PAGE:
the ultrasound wave on the solid material is that the ultrasound waves can
facilitate the swelling and hydration and so cause an enlargement in the
pores of the cell wall. This will improve the diffusion process and therefore
enhancing mass transfer (Vinatoru, 2001)

2.3.2 Microwave Assisted Extraction

Microwave-assisted extraction (MAE) or simply microwave extraction is a
relatively new extraction technique that combines microwave and
traditional solvent extraction. Application of microwaves for heating the
solvents and plant tissues in extraction process, which increases the kinetic
of extraction, is called microwave-assisted extraction. MAE has a number
of advantages, e.g., shorter extraction time, less solvent, higher extraction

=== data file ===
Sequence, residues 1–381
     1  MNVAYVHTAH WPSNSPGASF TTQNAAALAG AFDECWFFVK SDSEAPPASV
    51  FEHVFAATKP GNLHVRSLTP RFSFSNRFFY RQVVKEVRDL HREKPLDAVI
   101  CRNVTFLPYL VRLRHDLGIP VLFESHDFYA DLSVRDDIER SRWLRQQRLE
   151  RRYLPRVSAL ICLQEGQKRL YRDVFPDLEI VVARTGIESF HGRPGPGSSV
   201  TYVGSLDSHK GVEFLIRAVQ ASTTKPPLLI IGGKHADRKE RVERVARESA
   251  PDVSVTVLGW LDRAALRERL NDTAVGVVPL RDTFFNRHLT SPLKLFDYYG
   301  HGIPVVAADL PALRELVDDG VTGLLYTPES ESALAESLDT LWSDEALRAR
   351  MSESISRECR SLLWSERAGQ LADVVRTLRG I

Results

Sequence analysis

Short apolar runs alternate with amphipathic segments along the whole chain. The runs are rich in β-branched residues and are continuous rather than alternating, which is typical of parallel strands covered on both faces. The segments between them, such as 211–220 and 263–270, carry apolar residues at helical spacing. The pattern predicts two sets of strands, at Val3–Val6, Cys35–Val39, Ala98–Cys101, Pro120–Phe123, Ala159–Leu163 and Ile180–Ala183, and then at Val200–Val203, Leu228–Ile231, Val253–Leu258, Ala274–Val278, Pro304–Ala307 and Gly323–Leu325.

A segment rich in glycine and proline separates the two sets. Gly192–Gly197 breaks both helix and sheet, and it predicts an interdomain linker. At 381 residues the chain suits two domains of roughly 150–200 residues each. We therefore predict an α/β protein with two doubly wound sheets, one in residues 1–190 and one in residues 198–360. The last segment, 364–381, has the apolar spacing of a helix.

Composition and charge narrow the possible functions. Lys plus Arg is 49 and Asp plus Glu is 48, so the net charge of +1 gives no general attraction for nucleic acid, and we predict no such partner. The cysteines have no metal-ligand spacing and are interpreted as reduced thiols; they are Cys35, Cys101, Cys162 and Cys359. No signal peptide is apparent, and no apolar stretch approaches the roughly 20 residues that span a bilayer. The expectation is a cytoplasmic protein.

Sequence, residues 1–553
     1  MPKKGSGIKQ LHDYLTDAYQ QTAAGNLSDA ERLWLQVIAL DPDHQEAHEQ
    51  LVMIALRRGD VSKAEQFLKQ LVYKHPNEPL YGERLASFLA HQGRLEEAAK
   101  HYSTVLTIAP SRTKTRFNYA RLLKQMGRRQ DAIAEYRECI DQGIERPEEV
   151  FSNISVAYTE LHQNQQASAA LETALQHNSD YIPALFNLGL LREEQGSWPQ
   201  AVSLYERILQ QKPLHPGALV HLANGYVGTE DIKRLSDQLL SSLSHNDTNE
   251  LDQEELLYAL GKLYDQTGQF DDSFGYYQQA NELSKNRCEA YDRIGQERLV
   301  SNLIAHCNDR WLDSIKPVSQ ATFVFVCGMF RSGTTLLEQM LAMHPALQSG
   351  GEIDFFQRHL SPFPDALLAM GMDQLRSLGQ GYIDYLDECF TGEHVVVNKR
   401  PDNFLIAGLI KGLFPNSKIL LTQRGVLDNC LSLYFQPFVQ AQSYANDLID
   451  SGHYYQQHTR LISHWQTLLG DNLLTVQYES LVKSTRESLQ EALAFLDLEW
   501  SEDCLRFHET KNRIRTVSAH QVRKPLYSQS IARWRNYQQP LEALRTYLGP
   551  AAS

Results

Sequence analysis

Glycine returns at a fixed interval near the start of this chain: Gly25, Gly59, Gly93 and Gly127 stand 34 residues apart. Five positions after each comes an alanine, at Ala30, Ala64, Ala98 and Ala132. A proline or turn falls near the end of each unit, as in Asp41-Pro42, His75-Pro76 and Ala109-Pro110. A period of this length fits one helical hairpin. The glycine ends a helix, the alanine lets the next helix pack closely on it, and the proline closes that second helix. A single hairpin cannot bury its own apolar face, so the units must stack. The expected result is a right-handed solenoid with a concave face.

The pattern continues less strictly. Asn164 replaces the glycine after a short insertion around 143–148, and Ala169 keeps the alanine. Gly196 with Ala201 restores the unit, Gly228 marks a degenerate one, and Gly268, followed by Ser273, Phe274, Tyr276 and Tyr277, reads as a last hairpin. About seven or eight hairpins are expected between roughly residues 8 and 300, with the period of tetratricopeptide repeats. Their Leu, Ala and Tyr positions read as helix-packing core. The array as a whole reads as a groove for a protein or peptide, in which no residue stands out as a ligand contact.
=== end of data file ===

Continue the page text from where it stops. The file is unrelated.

rate and lower cost, over traditional method of extraction of compounds
from various matrices, especially natural products (Delazar, Nahar, &
Sarker, 2012)

During the extraction process, the rate of recovery of the extract is not a
linear function of time: the concentration of solute inside the solid varies,
leading to a nonstationary or unsteady condition. A series of
phenomenological steps must occur during the period of interaction
between the solid-containing particle and the solvent effectuating the
separation, including (1) penetration of the solvent into the solid matrix; (2)
solubilization and/or breakdown of components; (3) transport of the solute
out of the solid matrix; (4) migration of the extracted solute from the external
surface of the solid into the bulk solution; (5) movement of theextract with
respect to the solid; and (6) separation and discharge of the extract and
solid (Aguilera, 2003). Therefore, the solvent penetrates into the solid
matrix by diffusion (effective), and the solute is dissolved until reaching a